Today on the blog we have a guest post from Kristy Evangelista. Kristy wrote “No Shit” for Defying Doomsday, about a Brisbane woman with Crohn’s disease who survives an extremely deadly pandemic. There will be a follow-up story in Rebuilding Tomorrow, thematically titled “Merry Shitmas”. I’ll let Kristy tell you more about them, and the experience of writing them.
“No Shit”, the original story I wrote for Defying Doomsday, is a story that holds a special place in my heart. Not only was it the first story I ever wrote as an adult, it was also my very first publication — those of you who have any experience in the author business know how lucky I was to get this kind of validation so early on in my writing career.
It is a deeply personal story, because it is based on experience. Writing honestly about something as embarrassing as Crohn’s disease was more difficult than I expected. There was at least one line which I thought wastoo honest, and I see sawed back and forth about whether to include it. I did, in the end, but when the story was accepted, I still thought seriously about publishing under an assumed name (people I work with might read it after all!). Then I realised what message this could send to everyone else with a bowel condition; that there is something shameful about it, which of course there isn’t.
I was also uncertain how other people with Crohn’s disease might feel about my story, given that everyone’s experience is different. On this front, at least, I feel like I did OK — an excerpt of the story was published by the Crohn’s and Colitis Australia newsletter, and I have been told by other Crohnies that they could really relate to my character’s experiences.
My sequel story, “Merry Shitmas”, continues about six months after Jane and Sam settled in Brisbane with the few other plague survivors they were able to find. In an apocalypse such as mine, this is probably the golden age; the petrol hasn’t gone bad yet, there is lots of food available for those that are left, and the masses of dead have largely decomposed and are no longer stinking up the place. But it certainly doesn’t feel that way to Jane, especially when she discovers another plague survivor has taken their own life.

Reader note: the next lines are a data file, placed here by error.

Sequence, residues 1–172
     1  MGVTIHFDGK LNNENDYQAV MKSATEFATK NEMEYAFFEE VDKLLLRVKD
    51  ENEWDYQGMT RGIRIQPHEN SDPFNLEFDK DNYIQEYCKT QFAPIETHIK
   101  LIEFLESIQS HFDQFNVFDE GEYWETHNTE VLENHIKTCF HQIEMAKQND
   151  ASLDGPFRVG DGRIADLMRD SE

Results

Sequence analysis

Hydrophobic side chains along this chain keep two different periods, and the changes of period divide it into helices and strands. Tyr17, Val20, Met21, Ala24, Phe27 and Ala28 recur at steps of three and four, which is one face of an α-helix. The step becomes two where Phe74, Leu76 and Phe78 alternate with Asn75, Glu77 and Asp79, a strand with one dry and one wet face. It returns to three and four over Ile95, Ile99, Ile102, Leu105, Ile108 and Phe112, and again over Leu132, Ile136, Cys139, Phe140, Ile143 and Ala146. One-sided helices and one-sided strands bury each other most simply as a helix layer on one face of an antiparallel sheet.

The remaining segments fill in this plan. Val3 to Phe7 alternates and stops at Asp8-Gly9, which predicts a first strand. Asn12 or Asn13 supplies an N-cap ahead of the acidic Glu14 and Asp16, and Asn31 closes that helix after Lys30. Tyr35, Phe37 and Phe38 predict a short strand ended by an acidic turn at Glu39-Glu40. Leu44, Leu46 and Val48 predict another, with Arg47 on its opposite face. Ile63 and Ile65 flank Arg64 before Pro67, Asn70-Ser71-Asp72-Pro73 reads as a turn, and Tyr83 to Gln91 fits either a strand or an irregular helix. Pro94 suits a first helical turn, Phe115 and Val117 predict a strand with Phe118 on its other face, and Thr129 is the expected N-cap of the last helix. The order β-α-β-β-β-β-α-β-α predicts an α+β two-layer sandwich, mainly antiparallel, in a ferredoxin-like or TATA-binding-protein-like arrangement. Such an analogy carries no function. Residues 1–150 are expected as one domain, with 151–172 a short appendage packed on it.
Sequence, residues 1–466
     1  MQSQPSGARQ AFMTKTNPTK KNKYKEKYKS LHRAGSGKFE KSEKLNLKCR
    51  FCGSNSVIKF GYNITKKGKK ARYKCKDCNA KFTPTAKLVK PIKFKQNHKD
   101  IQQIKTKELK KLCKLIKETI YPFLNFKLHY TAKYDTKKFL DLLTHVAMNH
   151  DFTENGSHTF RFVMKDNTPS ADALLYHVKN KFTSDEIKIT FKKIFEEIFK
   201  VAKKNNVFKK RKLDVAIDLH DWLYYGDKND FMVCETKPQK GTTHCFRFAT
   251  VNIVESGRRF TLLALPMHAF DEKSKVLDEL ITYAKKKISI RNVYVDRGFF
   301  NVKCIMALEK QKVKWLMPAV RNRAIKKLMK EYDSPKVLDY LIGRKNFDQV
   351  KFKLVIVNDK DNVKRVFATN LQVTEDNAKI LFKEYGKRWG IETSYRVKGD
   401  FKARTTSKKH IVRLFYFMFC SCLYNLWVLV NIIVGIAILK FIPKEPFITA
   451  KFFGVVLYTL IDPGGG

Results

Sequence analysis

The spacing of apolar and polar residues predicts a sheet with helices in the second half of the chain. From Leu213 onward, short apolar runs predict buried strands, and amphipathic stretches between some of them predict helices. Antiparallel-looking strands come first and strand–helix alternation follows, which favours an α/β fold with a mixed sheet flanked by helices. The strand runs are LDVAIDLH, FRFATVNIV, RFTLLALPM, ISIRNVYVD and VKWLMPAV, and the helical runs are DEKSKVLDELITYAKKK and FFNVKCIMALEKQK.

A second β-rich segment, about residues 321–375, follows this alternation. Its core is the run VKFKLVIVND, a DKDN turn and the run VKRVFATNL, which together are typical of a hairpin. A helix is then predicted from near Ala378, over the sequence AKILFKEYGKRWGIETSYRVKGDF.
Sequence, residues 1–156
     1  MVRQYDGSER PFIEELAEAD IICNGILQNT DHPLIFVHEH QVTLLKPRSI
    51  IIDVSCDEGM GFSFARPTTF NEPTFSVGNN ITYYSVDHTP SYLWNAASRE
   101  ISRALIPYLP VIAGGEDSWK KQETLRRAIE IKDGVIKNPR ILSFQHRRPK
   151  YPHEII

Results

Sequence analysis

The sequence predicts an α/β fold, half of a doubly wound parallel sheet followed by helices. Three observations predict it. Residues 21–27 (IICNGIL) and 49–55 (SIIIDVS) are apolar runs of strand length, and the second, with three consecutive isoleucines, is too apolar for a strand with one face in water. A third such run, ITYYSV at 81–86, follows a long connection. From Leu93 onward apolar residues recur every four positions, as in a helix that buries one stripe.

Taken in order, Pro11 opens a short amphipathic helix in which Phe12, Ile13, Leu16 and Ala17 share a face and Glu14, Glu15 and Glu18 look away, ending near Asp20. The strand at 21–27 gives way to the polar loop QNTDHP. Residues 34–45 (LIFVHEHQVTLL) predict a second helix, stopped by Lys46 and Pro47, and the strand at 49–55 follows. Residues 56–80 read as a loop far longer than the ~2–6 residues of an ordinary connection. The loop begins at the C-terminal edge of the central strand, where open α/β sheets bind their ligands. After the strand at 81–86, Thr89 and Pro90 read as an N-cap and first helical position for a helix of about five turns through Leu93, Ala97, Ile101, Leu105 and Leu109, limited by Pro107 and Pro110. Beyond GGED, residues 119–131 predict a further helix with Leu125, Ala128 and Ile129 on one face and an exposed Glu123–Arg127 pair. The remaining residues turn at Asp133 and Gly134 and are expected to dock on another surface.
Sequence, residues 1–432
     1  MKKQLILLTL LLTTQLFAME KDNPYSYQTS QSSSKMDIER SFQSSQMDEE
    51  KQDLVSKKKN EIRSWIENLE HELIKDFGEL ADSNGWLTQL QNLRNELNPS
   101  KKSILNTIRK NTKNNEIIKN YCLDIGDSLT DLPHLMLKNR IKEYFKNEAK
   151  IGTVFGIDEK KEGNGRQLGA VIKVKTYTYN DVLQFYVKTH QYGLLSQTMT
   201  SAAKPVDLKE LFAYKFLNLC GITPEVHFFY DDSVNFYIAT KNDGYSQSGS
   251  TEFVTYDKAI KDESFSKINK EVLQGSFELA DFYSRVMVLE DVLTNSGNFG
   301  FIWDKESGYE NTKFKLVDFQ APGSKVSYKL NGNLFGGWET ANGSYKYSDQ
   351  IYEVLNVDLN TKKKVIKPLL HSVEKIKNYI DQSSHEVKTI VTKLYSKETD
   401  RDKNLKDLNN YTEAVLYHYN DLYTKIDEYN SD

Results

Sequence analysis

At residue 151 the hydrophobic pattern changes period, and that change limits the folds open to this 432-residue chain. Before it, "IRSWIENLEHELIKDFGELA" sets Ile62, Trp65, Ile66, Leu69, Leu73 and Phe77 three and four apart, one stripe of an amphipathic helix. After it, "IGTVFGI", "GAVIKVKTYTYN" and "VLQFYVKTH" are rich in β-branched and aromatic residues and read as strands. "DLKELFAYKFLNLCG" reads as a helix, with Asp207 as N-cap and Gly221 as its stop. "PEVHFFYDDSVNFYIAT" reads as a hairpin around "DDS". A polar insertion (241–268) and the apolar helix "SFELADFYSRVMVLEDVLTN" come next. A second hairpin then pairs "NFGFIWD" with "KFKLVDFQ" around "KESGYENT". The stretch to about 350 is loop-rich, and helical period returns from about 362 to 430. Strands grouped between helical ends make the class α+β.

In my original story, Jane dealt with a flare of her condition; In the sequel she struggles with the side effects of her medication. Those of you who have ever taken steroids know they can often feel worse than living with disease, and Jane definitely struggles with the changes prednisolone makes to her mood and mental state. As I’m writing this blog post, I realise how heavy and intense it all sounds — a sure fire way to scare some readers away! — but like the original story, the dark elements are balanced Jane’s sense of humour, and the wonderful rapport that exists between her and Sam.
Both “No Shit” and “Merry Shitmas” were written pre-COVID. It is an interesting to read a plague story now that we all have some first hand experience with a deadly infectious virus. Certainly, if this type of apocalypse were to happen now, the protagonists would be making COVID19 comparisons constantly! So in that respect my stories are already a little dated. But some elements stand up, and were even a little prophetic, such as Jane’s decision to fill an entire truck with toilet paper! Of course, we all know now that it is very anti-social to hoard toilet paper in a crisis — but Jane has IBS, so I think we can give her a pass.
I’m really proud to be part of both Defying Doomsday and Rebuilding Tomorrow, which show that just because you have a missing limb, or autism, or messed up bowels, it doesn’t mean you can’t kick ass when you need to. I’m also really glad that Twelfth Planet Press allowed me to publish my stories under their original titles — I thought for sure that they would ask me to change them, which would have made me sad, because I think they capture the personality of the main character, her condition, and the tone of the narrative perfectly.
I like to think that maybe one day someone will read my stories, have a laugh, and feel slightly less embarrassed the next time they have to explain to someone what Crohn’s disease is.